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In this episode Jesus and his disciples travel to Jerusalem for Passover, where he expels the money changers from the Temple, accusing them of turning the Temple into a den of thieves through their commercial activities. In the Gospel of John Jesus refers to the Temple as “my Father’s house” thus in some views making a claim to being the Son of God though it is common in the Abrahamic religions to refer to God as God the Father.
This is the only account of Jesus using physical force in any of the Gospels and is related to the topic of "but to bring a sword." The narrative occurs near the end of the Synoptic Gospels (at , , , and , ) and near the start in the Gospel of John (at ). Some scholars believe that these refer to two separate incidents, given that the Gospel of John also includes more than one Passover.
In this episode, Jesus is stated to have visited the Temple in Jerusalem, Herod's Temple, where the courtyard is described as being filled with livestock and the tables of the money changers, who changed the standard Greek and Roman money for Jewish and Tyrian money. Jerusalem was packed with Jews who had come for Passover, perhaps numbering 300,000 to 400,000 pilgrims.
Creating a whip from some cords, "he drove them all out of the temple, with the sheep and the oxen, and poured out the changers’ money and overturned the tables. But he said to those who sold doves, ‘Get these out of here! Do not make My Father’s house a house of trade!’"
|“||And Jesus went into the temple of God, and cast out all of them who sold and bought in the temple, and overthrew the tables of the moneychangers, and the seats of them that sold doves, |
And said unto them, It is written, My house shall be called the house of prayer; but ye have made it a den of thieves.
In John, this is the first of the three times that Jesus goes to Jerusalem for the Passover, and John says that during the Passover Feast there were (unspecified) miraculous signs performed by Jesus, which caused people to believe in his name, but that he would not entrust himself to them, for he knew all men.
Matthew 22:14-16 says the Temple leaders questioned Jesus if he was aware the children were shouting Hosanna to the Son of David. Jesus responded by saying "from the lips of children and infants you have ordained praise." This phrase incorporates a phrase from Book of Psalms ( ), "from the lips of children and infants," believed by followers to be an admission of divinity by Jesus, thus confirming his divinity via prooftexting the Old Testament.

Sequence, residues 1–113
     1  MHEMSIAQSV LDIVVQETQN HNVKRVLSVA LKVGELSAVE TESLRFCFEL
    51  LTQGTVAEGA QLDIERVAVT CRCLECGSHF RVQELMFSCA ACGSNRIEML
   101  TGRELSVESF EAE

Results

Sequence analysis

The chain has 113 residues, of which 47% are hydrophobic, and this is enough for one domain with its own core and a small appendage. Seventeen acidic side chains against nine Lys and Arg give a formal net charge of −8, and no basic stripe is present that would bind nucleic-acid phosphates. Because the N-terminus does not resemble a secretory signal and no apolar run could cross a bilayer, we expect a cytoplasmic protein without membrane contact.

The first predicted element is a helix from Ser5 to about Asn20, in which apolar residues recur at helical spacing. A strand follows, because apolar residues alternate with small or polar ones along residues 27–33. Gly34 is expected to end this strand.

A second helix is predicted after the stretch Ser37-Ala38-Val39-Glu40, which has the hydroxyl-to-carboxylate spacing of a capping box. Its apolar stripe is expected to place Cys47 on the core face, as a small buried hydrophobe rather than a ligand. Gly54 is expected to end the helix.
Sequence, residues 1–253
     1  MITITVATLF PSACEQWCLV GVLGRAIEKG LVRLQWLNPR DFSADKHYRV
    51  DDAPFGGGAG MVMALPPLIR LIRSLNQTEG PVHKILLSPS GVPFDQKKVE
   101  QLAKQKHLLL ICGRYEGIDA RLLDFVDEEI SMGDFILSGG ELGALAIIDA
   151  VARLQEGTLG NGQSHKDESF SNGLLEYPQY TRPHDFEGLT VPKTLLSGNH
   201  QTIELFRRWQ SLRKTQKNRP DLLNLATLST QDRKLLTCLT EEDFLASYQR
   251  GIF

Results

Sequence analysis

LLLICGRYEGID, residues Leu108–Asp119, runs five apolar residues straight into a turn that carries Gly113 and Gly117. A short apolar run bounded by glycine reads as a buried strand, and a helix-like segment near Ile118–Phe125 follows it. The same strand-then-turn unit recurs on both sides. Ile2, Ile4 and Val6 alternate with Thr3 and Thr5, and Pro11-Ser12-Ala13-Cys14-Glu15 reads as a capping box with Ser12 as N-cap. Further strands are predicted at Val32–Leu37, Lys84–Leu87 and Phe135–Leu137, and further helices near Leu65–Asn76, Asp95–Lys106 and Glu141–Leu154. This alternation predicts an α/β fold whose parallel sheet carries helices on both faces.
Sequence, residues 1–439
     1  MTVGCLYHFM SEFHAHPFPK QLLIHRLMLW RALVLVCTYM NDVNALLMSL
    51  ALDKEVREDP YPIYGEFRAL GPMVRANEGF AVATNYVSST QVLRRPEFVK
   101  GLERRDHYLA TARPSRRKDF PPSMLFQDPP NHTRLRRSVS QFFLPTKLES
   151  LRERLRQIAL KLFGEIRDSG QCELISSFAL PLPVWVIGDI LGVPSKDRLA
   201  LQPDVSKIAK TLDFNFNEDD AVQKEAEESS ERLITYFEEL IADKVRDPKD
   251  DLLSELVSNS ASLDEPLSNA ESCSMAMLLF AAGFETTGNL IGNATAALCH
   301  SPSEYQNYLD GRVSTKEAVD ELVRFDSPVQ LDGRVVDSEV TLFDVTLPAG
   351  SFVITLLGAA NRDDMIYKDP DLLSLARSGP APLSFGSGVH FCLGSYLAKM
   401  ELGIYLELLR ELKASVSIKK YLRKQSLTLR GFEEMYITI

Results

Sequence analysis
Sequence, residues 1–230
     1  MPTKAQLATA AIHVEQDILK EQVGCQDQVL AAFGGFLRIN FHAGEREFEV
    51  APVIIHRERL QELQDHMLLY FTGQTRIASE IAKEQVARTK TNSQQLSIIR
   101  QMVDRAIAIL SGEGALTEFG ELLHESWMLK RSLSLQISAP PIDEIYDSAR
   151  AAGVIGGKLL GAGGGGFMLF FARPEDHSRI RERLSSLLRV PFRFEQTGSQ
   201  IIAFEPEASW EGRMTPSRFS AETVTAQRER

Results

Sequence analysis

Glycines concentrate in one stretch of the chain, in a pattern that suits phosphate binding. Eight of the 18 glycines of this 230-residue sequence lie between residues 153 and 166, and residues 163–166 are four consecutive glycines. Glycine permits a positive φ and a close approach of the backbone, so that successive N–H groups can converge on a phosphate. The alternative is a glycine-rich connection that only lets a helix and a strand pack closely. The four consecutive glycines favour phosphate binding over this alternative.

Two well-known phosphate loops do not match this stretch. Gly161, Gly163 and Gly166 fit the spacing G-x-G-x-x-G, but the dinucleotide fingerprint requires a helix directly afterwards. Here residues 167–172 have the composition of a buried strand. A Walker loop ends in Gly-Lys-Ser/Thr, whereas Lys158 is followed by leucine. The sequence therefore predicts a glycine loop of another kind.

The Temple cleansing episode in the Gospel of John can be correlated with non-biblical historical data sources to obtain an estimate for the year to which the episode refers. John 2:13 states that Jesus went to the Temple in Jerusalem around the start of his ministry and John 2:20 states that Jesus was told:
In the Antiquities of the Jews, first century historian Flavius Josephus wrote that (Ant 15.380) the temple reconstruction was started by Herod the Great in the 15th-18th year of his reign at about the time that Augustus arrived in Syria (Ant 15.354). Temple expansion and reconstruction was ongoing, and it was in constant reconstruction until it was destroyed in 70 AD/CE by the Romans. Given that it took 46 years of construction, the Temple visit in the Gospel of John has been estimated at around 27-29 AD/CE.
The cleansing of the Temple is a commonly depicted event in the Life of Christ, under various titles.
El Greco painted several versions:
An incident where provocation took place in the Temple can be found in the time of Nehemiah, when Nehemiah overturned the furniture of Tobiah the Ammonite who had, with the cooperation of Eliashib the High Priest, leased the storerooms of the temple, depriving the Levites of their rations from the offerings, and drove out Eliashib's grandson who had married the daughter of Sanballat the Horonite (Neh 13).
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Cleansing of the Temple
Wedding in Cana in John 2
or Triumphal Entry in the Synoptic Gospels
Jesus & Nicodemus in John 3
or Fig Tree Cursed in the Synoptic Gospels